The current dedicated "control" deck of Elder Scrolls: Legends, Control Mage seeks to prolong the game with cheap, efficient removal in Firebolt, Crushing Blow, and Lightning Bolt. Once turn six or so comes around, Ice Storm clears most (if not all) of the enemy's board, allowing you to survive until your next "wrath" or "sweeper" in Dawn's Wrath. From there your Mantikoras, Miraak, and Odaviing take over the game by providing much more power than anything your aggro or mid-range opponents can muster.
The latest version of the deck (piloted by multiple players to Rank #1 on the ladder in September) also manages to run a bit of a "combo"ish subtheme with Brilliant Experiment and Ayrenn - if Brilliant Experiment is the only Action you've used in a game (not totally unlikely in a control mirror), you can flood the board with 5/5's by casting Ayrenn, then using Brilliant Experiment to copy it. Play the second Ayrenn, she'll return a (now free) Brilliant Experiment, which copies her....you can see where this is headed. Unless they manage to break the loop (clearing all Ayrenns on board and the one we wisely kept in our hand), or we play another action that Ayrenn might accidentally return instead of Brilliant Experiment, the rest of the game is simply making as many 5/5s as we can afford. On the off chance that they do deal with that, they still have the rest of our deck to contend with.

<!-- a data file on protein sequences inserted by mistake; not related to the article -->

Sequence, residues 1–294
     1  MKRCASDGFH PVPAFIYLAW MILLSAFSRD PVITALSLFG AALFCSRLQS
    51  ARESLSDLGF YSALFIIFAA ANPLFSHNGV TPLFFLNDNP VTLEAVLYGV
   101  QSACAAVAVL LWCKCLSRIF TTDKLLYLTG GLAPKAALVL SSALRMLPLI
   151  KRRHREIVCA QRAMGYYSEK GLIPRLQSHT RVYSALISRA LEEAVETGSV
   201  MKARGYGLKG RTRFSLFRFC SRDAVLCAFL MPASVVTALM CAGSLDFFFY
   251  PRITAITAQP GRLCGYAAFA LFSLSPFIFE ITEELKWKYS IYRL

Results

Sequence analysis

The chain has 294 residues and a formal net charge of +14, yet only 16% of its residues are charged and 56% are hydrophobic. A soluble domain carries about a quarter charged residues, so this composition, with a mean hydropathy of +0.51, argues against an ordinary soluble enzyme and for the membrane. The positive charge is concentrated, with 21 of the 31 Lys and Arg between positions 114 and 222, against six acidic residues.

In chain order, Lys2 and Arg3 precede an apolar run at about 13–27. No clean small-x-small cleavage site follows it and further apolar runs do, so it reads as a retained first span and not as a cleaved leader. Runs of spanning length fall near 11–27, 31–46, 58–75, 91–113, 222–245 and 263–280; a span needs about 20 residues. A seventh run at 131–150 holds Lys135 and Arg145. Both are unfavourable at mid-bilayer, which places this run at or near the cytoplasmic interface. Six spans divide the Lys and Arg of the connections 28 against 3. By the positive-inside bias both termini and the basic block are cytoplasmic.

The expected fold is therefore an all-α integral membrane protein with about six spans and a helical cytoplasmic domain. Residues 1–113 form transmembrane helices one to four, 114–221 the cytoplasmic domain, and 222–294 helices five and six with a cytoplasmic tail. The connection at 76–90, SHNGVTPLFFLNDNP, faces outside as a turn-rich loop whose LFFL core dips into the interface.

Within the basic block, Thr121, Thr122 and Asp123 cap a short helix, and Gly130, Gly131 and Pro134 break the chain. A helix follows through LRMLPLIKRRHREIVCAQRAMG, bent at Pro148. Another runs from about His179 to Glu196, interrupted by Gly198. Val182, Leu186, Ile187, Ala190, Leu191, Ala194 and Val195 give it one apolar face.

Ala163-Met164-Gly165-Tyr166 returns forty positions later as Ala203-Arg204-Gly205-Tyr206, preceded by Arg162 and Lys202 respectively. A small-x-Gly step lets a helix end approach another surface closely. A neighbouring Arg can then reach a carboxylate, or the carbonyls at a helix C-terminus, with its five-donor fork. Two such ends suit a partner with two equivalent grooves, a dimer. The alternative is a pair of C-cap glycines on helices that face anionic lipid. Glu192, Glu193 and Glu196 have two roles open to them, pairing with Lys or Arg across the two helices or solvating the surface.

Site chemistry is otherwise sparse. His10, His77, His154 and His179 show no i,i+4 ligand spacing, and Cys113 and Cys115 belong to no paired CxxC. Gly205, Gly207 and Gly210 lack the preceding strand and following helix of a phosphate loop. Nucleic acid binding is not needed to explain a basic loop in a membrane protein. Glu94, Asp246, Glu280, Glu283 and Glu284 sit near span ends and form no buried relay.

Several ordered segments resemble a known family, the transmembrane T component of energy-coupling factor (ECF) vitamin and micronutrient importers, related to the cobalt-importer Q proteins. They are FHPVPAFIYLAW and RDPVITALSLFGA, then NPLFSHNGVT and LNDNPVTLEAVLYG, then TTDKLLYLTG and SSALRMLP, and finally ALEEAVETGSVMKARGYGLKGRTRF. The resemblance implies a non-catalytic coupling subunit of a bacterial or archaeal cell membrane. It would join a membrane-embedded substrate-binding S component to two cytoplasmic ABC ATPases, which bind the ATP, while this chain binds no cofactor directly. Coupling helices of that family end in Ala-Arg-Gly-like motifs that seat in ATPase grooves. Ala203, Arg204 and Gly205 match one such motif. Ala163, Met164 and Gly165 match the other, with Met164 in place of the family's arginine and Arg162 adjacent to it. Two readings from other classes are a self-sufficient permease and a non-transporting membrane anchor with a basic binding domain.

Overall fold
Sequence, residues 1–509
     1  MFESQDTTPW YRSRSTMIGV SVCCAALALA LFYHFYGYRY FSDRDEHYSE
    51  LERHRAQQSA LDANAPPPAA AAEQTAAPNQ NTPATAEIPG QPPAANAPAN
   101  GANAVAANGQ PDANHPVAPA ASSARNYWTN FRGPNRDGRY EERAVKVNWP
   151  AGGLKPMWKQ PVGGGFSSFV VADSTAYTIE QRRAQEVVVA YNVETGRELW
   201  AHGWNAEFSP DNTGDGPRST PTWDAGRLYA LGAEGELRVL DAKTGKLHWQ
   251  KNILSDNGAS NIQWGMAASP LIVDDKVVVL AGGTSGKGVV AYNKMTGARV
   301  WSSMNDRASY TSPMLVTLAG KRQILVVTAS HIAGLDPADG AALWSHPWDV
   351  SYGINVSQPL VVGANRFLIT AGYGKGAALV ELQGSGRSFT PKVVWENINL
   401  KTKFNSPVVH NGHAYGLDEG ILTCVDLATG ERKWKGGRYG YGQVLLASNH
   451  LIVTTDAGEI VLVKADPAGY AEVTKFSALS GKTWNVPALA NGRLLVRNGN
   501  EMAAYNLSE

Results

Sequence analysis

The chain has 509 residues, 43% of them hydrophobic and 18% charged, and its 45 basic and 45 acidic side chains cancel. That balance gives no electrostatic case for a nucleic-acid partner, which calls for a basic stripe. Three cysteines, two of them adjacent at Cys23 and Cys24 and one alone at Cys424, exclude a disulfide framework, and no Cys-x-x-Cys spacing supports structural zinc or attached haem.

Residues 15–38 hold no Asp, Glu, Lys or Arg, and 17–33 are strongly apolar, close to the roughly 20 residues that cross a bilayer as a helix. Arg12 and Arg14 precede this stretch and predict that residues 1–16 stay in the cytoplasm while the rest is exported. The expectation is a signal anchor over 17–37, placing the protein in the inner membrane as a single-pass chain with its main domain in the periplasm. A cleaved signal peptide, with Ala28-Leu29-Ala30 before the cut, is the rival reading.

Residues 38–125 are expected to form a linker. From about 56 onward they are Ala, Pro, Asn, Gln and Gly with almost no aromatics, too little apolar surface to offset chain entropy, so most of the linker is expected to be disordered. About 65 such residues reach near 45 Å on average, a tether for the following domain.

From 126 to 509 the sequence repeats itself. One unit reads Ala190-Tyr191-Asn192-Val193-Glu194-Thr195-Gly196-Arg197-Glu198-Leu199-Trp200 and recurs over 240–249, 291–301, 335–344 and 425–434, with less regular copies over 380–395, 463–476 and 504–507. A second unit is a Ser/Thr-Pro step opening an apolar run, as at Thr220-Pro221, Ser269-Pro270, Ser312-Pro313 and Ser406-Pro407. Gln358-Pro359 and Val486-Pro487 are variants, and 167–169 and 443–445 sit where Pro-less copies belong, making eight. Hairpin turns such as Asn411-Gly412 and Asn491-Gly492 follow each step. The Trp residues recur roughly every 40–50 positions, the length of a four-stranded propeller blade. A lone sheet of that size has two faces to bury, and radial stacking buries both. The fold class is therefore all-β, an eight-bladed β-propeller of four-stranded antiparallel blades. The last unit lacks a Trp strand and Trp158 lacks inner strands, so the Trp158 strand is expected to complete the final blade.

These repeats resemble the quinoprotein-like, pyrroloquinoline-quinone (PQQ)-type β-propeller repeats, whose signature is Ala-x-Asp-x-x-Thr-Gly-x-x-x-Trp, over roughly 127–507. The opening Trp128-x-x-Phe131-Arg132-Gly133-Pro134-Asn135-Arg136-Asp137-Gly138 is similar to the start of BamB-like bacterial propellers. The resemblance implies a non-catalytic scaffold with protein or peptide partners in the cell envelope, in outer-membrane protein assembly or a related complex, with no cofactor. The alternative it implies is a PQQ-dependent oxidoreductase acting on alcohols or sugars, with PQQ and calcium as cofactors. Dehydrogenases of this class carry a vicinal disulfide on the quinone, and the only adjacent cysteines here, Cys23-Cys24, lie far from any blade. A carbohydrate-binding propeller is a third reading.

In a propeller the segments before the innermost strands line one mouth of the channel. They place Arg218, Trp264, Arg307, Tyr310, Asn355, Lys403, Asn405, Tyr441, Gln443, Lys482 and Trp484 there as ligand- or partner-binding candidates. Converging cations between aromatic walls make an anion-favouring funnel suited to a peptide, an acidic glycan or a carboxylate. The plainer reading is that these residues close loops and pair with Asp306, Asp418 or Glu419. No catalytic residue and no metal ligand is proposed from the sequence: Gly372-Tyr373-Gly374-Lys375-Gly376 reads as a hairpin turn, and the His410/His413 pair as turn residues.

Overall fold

With the ability to trade one card for many of your opponents' cards, and many of your cards drawing you extra things to do (whether they're more creatures or more spells), Control Mage decks (and control decks in general) are centered around generating card advantage - that is, if I keep trading one of my cards for two of yours, eventually you're going to have none, and I'm going to have approximately "all of them forever". It's relatively elementary to win from there.
Of course, there's more than one way to win a matchup - and while Control Mage can certainly put the brakes on many of the top decks around, Elder Scrolls: Legends' resident Mid-range deck puts on a fair battle itself. Wherever there are creatures, there are bigger creatures. Wherever there's removal, there's creatures that don't die well.
Wherever there's mid-range players in Elder Scrolls: Legends, there's probably...
With various aggro decks (like multiple "zoo" lists) at the fast end of the spectrum, and Control Mage at the slow but powerful other, plenty of players have tried (and succeeded) at navigating that middle ground of Mid-range. While you're rarely hugely favored in any given matchup, there's also typically very few you're just dead to. Other card games tend to call these types of lists "grinders", or "51% decks", but they all amount to the same thing - you're always going to have to play well, but you (usually) always have a shot.